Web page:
Clearly defined goals and fair, incremental rewards are two game design techniques that could motivate the 'gamer generation' in the workforce, according to a US academic.
Lee Sheldon of the Indiana University believes managers may have to rethink how they engage the next generation entering the mainstream workforce.
"As the gamer generation moves into the mainstream workforce, they are willing and eager to apply the culture and learning techniques they bring with them from games," said Sheldon, a gamer, game designer and assistant professor at the university's department of telecommunications.
"It will be up to management, often of pre-gamer generations, to figure out how to educate themselves to the gamer culture, and how to speak to it most effectively," he told iTnews.
Last year, Sheldon replaced the traditional grading system in two of his game design classes with a system that was based on experience points (XP), which were typically used to track progress in role-playing games.
Students commenced the program as avatars at level one, which corresponded to zero XP and a grade of 'F'. They gained XP by completing 'quests', 'fighting monsters' and 'crafting'-- in other words, giving presentations, sitting quizzes and exams, and handing in projects.
Like in the popular online game World of Warcraft, the students were grouped into 'guilds' and had to complete quests solo, as guilds, or as 'pick up groups' with members of other guilds.
So far, students have responded to the classes with "far greater enthusiasm" than before, Sheldon reported.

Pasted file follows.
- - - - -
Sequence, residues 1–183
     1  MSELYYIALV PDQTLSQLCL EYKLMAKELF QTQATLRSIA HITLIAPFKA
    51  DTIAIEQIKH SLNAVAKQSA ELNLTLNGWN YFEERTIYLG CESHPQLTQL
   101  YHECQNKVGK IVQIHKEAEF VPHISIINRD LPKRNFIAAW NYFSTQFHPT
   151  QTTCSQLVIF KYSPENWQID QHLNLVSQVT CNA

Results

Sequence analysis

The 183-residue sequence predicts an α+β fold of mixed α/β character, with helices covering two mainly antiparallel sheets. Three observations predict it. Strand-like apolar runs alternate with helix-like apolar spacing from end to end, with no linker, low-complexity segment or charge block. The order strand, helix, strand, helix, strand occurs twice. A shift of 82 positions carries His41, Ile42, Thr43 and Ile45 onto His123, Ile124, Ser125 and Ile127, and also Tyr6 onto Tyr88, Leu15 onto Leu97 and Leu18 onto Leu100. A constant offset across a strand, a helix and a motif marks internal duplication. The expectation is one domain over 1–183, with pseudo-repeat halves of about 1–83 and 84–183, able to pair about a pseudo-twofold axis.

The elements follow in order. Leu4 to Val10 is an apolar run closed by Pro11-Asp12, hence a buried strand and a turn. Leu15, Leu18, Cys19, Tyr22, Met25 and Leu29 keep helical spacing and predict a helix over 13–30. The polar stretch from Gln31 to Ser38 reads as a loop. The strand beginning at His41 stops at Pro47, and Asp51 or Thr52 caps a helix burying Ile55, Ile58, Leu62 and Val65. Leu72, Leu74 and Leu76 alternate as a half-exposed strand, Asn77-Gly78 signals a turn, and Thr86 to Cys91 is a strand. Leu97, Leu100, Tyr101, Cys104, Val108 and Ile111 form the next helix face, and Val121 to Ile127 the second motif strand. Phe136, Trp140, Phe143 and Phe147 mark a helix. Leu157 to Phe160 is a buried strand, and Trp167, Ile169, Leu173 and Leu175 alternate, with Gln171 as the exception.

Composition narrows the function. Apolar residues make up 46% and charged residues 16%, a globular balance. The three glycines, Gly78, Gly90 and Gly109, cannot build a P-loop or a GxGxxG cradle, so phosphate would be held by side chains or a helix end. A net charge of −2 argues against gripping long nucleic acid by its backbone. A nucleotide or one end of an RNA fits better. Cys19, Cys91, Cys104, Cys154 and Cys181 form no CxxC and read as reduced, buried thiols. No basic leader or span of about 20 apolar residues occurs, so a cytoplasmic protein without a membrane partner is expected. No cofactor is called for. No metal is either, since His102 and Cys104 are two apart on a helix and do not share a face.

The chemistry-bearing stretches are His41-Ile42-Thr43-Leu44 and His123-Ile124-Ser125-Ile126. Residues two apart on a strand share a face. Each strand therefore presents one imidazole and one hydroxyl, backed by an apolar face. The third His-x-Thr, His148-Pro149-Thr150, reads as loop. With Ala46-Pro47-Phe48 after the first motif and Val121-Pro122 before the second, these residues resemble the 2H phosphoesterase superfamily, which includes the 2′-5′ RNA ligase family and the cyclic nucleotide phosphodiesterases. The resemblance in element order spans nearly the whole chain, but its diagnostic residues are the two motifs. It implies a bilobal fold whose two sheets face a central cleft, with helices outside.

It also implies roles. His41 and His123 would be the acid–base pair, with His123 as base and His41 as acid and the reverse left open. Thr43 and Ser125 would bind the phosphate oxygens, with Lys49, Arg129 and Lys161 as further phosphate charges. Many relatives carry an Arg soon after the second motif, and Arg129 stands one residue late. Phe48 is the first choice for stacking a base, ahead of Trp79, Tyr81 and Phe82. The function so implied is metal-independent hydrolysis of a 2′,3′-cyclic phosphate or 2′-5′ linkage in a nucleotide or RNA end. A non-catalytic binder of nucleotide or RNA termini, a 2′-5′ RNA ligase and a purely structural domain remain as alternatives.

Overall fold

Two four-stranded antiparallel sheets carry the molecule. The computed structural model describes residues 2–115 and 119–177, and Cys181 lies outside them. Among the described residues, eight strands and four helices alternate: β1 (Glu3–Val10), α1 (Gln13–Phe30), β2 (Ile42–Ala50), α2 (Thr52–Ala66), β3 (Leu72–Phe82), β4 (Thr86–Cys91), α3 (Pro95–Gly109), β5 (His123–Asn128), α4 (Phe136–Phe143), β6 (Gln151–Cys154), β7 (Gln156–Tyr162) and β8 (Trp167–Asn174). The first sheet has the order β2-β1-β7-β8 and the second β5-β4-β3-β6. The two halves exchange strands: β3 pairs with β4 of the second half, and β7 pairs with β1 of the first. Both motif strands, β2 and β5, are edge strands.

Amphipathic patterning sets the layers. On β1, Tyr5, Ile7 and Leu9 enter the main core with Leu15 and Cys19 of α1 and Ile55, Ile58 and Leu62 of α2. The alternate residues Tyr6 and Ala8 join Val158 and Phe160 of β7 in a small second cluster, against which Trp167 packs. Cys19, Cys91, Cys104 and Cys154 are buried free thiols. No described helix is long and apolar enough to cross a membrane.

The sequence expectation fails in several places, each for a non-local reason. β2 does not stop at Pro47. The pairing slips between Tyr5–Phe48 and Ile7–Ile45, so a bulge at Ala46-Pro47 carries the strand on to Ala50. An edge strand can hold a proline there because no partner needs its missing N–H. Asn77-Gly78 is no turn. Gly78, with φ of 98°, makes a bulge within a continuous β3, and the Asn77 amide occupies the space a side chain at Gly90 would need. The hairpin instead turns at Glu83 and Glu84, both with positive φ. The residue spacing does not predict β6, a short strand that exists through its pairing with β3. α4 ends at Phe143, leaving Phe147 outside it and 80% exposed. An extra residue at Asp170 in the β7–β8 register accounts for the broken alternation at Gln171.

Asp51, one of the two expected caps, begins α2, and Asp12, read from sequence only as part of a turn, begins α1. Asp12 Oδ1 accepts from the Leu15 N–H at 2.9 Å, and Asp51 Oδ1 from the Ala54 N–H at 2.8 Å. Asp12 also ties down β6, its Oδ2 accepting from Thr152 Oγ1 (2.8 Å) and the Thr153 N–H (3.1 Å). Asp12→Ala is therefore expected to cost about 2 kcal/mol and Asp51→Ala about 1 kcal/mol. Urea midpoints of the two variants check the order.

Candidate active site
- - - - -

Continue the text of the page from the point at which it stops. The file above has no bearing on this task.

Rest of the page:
"The elements of the class are couched in terms they understand, terms that are associated with fun rather than education," he told iTnews.
"There will always be a portion of the class who will not be motivated to learn no matter what an instructor may try. Those that are not as involved, one or two out of a class of forty, are pretty much drifting through life anyway thanks to factors the classroom can't really address."
Sheldon's class structure has attracted the interest of educators from other institutions. At Indiana University however, he said colleagues had questioned the efficacy of applying the techniques to "regular"-- non-game-related -- classes.
"What they are missing is that we are teaching the gamer, social networking generation," he told iTnews. "I have no doubt the students will respond positively to any number of non-game-related classes taught in a similar manner."
Many specifics of game design could also be directly applied to the workforce, he said. These included: clearly defining goals for workers; providing incremental rewards; and balancing effort and reward.
Lessons for the real world
Sheldon's recommendations resounded with distributor Express Data, which was named one of the Best Employers in ANZ in 2009 by human resources consulting firm Hewitt last week.
'Best Employers' were said to have highly engaged employees who were well aligned with the company's goals, committed leaders, clear agreements with staff, and a high-performance culture.
Hewitt expected these employers to provide workers with more consistent feedback on their performance and a greater link between performance and pay.
"I often talk about the analogy of ten pin bowling," said Express Data CEO Ross Cochrane about managing performance.
"If you had a game of ten pin bowling and you put the pins behind a curtain and told people to bowl so they could hear something happening but didn't really know how many pins they'd knocked down or which ones were still standing, then it doesn't become much of a game and secondly they tend not to get the best outcomes."
"I think you need to make it very clear to people about what the expectations are with regards to performance," he said.
"You need to provide very clear feedback ... so that they understand where they're at, they understand where they're meant to be at and they know what they need to do."
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